Japanese english words

History and customs of Asia, mondern or ancient, and their relevance to anime and manga.

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Japanese english words

Postby ZeroRyoko1974 » Tue Sep 22, 2015 11:43 pm

Looks like english isn't the only language guilty of mangling foreign words http://mentalfloss.com/article/63528/12 ... h-speakers
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Re: Japanese english words

Postby bakamatt » Wed Sep 23, 2015 8:08 am

That's fun; the only one I already knew was manshon.

But to leave off pantsu - which, as we all know, isn't "pants" but rather "girl's underwear" - seems negligent. Waishatsu ("white shirt") for the shirt a sarariman ("salary man" - office worker) wears could have been included too.
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Re: Japanese english words

Postby ZeroRyoko1974 » Wed Dec 09, 2015 2:49 pm

Kind of a related essay I stumbled across http://heiup.uni-heidelberg.de/journals ... /9060/3105
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Re: Japanese english words

Postby bakamatt » Wed Dec 09, 2015 4:12 pm

Thanks for that. Boy, the ambivalence I feel about academic treatments of "soft" topics was in full force on that one. On the one hand, I'm happy to see a topic close to my heart treated with care, thought, and academic rigor. On the other, things like the concept of "fan studies" or multiple references to "imperialism" in a paper about cartoons makes me awful twitchy wanting to fuss about ivory tower pretentions. And the conclusion that "fans do different stuff based on the available technology" doesn't strike me as much of a stretch. Still, figure the guy got another semester's employment out of it; I understand "publish or perish" is alive and well.

I'm also always delighted to see a reference to Henry Jenkins' Textual Poachers, as it contains several examples of my wife Rita's Beauty and the Beast TV series fan art. He stumbled across some of her fanzine work while he was writing the book and asked to include it.
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Re: Japanese english words

Postby Tsunami3k » Thu Dec 10, 2015 1:14 am

A couple doses of Mechademia will put some calluses on your psyche. ;D
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Re: Japanese english words

Postby ZeroRyoko1974 » Sat May 07, 2016 10:37 pm

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Re: Japanese english words

Postby bakamatt » Sun May 08, 2016 6:14 am

That explains something that's been a mystery to me for some time. I have a track on my regular iPod play list called something like "Watashi no Koi wa Hotchkiss", a title which now makes perfect sense ( :roll: ) when I understand it to mean "My Love is a Stapler".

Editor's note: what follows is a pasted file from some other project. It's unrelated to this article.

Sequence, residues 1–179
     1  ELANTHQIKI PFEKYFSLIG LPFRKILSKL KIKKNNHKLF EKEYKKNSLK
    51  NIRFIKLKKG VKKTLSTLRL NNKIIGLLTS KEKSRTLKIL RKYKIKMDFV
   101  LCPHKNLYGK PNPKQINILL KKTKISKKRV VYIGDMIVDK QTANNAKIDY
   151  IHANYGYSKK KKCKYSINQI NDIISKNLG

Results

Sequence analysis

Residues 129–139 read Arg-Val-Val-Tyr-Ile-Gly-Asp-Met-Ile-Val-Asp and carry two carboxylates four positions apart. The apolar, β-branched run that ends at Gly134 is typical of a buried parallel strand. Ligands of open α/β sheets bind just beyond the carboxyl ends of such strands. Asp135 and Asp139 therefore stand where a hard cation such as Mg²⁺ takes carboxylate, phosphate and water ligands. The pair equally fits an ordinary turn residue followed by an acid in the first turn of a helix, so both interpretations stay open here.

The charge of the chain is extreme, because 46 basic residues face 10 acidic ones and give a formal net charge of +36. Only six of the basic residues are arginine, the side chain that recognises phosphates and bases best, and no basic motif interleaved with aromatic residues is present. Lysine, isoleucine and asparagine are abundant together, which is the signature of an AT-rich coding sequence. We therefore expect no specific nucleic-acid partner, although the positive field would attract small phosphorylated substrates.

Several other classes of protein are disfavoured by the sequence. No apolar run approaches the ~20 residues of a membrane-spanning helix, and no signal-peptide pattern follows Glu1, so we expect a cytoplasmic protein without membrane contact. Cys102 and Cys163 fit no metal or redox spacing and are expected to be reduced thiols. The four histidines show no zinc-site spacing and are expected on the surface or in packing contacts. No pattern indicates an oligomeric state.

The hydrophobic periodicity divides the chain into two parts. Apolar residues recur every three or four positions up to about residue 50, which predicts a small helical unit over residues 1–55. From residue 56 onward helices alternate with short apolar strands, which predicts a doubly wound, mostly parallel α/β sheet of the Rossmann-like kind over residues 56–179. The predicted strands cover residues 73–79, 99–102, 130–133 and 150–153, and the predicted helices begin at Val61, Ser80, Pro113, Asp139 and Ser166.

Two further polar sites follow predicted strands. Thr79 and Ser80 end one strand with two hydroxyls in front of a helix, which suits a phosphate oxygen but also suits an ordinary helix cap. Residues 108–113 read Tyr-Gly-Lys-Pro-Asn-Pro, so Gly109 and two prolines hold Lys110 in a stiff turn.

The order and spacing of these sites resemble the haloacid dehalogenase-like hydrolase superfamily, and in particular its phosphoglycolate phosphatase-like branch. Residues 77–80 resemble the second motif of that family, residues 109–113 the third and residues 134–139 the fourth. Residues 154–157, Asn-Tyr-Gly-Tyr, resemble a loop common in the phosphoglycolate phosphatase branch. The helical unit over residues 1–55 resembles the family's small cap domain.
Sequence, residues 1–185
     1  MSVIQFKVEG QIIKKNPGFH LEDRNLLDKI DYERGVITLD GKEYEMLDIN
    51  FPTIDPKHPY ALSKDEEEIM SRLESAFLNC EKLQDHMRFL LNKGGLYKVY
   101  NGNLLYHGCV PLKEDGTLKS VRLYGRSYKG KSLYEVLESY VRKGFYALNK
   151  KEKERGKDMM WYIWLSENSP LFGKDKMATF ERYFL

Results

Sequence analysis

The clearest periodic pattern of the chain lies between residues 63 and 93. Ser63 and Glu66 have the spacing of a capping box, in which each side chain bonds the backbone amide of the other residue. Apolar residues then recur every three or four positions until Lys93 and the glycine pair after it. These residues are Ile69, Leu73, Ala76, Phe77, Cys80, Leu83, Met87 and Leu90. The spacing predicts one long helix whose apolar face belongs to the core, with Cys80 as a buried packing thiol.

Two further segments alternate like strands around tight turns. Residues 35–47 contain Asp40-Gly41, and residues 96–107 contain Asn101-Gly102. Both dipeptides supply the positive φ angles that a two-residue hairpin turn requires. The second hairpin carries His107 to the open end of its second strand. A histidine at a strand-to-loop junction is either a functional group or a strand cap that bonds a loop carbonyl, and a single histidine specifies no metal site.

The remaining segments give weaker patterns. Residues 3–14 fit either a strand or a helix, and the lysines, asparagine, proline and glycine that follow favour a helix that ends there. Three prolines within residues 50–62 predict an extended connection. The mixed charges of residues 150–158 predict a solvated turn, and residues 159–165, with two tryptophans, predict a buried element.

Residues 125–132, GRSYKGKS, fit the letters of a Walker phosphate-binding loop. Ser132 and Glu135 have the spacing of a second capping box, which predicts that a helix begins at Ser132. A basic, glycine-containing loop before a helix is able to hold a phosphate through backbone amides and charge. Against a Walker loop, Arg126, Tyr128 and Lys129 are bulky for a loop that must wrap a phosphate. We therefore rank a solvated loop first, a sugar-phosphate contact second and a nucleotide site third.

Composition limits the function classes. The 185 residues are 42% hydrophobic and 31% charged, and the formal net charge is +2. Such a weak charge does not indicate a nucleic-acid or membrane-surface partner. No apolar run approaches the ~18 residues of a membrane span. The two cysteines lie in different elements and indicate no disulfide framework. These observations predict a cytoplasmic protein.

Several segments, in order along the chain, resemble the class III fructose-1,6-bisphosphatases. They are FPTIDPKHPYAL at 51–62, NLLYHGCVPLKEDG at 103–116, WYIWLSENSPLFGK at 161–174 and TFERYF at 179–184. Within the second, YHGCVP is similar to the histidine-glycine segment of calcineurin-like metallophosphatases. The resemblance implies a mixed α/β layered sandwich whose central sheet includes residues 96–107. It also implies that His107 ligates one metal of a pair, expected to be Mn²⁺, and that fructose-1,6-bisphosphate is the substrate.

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Re: Japanese english words

Postby ZeroRyoko1974 » Sun May 08, 2016 12:12 pm

Hahaha that is from K-On, never heard it called that before.
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Re: Japanese english words

Postby ca_jas » Sun May 08, 2016 9:47 pm

bakamatt wrote:That's fun; the only one I already knew was manshon.

But to leave off pantsu - which, as we all know, isn't "pants" but rather "girl's underwear" - seems negligent. Waishatsu ("white shirt") for the shirt a sarariman ("salary man" - office worker) wears could have been included too.

I'm really late to the party on this but my British colleagues have educated me that "pants" is how to say "girls' underwear" in British English. What a strange country the Brits live in :lol: .

With that knowledge can you think of any other "japanified" English word that could probably just be British English? Is an elevator called "lifuto"? :P

Here's a fun multilingual comparison of English words in Asia.

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Re: Japanese english words

Postby ZeroRyoko1974 » Wed Jun 08, 2016 6:45 pm

Bento the next Japanese word becoming main stream? Saw this at a Costco
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Re: Japanese english words

Postby ZeroRyoko1974 » Sat Feb 18, 2017 9:49 am

furii maaketto (Flea Market) according to the translation notes for Dragon Maid ep 6 is becoming more common then the Japanese phrase nomi no ichi, because nomi is the word used for the flea insect.

The Japanese word for flea market used here is a literal translation, nomi no ichi 蚤の市. Nowadays it’s more common to refer to them with the English loan word (furii maaketto), as nomi is a gross bug and English is cool.

So, that it was a nomi no ichi and not a flea market possibly implies it was more of an old school affair aimed at an older audience… and/or a pun, because nomi (飲み) can also refer to drinking/beverages.

Random fact regarding the loan word version of the name: flea and free are both furii フリー in Japanese. Some “flea” markets in Japanese are actually called “free” markets, as anybody is “free” to join and sell stuff.

…Making “free market” one of those “Japanese English” (wasei eigo 和製英語) phrases that Japanese people will use sometimes when speaking English that leads to confusion, since of course free market means something quite different from flea market in native English.
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Re: Japanese english words

Postby ZeroRyoko1974 » Sun Jan 07, 2018 11:58 pm

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